Aeneid Paper - Tsevdos 1 Evan Tsevdos Prof. McGowan...

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Evan Tsevdos Prof. McGowan November 12, 2009 Traditions of Storytelling Like Father, Like Son: The Significance of Father-son relationship in the Aeneid In both Homer and Virgil’s epic poems, a father’s pietas to his son consists of setting a good example, which allowed the past to continue into the future. Likewise, a son’s pietas to his father was to preserve the family identity, which as demonstrated by Telemachus and Odysseus in Homer’s Odyssey , was significant in ancient society. In fact, it was not until Odysseus had returned home that Telemachus finally developed an identity. This father-son relationship recurs throughout Virgil’s Aeneid as demonstrated through the relationships between Anchises-Aeneas-Ascanius, Pallas-Aeneas, Mezentius- Lausus and others. In these father-son relationships both the father and son fulfill their pietas, or devotion and duty to god, country, family and mankind. The significance of father-son relationship in the male-dominated society of Rome cannot be overlooked, as it defined sons reputations by their father’s legacies. The significance of the father-son relationship is developed from the very beginning of the epic, where readers observe similar ancestral obligations between Aeneas and his descendants, the Romans. Juno begins the epic “outraged”( Aeneid. 1.9 [Fagles 47]) at Aeneas primarily because his descendants were “destined to plunder Libya”( Aen. 1. 26[Fagles 48]) or Carthage, Juno’s favorite city. Juno blames Aeneas as if he were responsible for the destruction of Carthage, where in actuality it is his descendants, the Romans who will one day plunder the city. Juno judging Aeneas based on what his descendants will one day do indicates that son’s carry out the tradition of the Tsevdos 1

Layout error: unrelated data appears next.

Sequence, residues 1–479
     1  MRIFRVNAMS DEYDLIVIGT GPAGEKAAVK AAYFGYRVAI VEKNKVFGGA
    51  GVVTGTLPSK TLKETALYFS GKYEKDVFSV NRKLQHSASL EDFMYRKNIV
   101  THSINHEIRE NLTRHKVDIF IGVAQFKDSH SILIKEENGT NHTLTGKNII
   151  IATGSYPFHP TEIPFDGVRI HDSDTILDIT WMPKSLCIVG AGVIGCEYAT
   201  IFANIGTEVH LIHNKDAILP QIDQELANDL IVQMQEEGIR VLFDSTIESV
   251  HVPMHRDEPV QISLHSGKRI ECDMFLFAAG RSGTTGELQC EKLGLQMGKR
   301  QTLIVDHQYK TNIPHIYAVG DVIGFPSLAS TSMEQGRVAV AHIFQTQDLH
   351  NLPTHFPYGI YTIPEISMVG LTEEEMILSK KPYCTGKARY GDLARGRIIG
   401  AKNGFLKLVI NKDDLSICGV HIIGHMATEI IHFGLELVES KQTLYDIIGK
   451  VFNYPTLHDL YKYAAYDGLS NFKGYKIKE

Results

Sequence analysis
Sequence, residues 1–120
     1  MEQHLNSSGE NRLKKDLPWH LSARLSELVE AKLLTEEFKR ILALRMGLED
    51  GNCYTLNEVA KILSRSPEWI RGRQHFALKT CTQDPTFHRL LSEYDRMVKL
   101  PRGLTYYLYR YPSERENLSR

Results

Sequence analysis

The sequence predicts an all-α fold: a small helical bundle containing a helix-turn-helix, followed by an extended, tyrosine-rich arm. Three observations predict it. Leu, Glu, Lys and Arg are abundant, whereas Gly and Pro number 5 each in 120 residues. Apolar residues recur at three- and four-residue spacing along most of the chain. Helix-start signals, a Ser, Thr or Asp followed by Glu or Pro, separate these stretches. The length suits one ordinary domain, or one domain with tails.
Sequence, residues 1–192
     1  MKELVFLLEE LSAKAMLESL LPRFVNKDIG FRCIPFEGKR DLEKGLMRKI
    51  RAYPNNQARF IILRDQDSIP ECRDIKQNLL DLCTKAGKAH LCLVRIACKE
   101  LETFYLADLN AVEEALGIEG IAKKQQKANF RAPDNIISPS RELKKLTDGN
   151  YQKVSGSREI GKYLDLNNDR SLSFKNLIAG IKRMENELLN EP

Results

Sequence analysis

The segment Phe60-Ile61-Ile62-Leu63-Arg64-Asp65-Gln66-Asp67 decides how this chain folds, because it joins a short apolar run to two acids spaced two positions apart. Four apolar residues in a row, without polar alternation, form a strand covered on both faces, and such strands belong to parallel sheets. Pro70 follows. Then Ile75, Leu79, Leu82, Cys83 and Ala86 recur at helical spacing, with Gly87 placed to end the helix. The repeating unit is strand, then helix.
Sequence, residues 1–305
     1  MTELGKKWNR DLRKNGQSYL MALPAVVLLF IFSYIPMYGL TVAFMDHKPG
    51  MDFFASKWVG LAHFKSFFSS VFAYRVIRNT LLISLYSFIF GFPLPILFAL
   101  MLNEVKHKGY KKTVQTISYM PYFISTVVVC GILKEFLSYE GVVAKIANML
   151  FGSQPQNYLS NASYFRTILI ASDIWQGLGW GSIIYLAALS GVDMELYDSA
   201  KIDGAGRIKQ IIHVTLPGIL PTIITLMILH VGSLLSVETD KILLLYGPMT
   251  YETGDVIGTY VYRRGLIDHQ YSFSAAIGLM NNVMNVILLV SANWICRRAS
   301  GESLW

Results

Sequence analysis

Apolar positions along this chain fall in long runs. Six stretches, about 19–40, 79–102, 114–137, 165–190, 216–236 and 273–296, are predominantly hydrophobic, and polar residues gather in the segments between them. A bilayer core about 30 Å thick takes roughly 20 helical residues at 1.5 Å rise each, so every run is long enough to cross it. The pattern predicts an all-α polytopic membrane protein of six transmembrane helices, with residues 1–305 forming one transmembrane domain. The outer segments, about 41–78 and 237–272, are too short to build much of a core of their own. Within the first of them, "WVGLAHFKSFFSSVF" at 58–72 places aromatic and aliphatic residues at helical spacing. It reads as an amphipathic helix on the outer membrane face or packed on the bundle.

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father and ancestors, and that there is a bonding relationship between fathers and sons as a whole. The significance of the father-son relationship is found with the character of Laocoon, the priest of Neptune. Aeneas is recounting the tale of the Trojan Horse to Dido, and speaks of how two giant serpents arose from the water as punishment for Laocoon throwing a spear at the Trojan Horse. The snakes: like troops on attack …head[ed] straight for Laocoon-first each serpent seizes one of his small sons, constricting, twisting around him, sinks its fangs in the tortured limbs, and gorges. Next Laocoon rushing quick to the rescue, clutching his sword. ..( Aen. 2. 271-275 [Fagles 82]) Interestingly, the snakes first go for Laocoon’s sons at which point Laocoon “rushe[s]” to rescue his sons by placing his own life in jeopardy in order to preserve the family legacy. All the Trojan men can relate to this father-son relationship, as they must fulfill the same pietas that Laocoon had of setting a good example for his sons so that the past may continue into the future. If Laocoon alone had been eaten the event would instigate
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This note was uploaded on 12/01/2010 for the course ENGLISH 1090 taught by Professor Blake during the Spring '10 term at Fordham.

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Aeneid Paper - Tsevdos 1 Evan Tsevdos Prof. McGowan...

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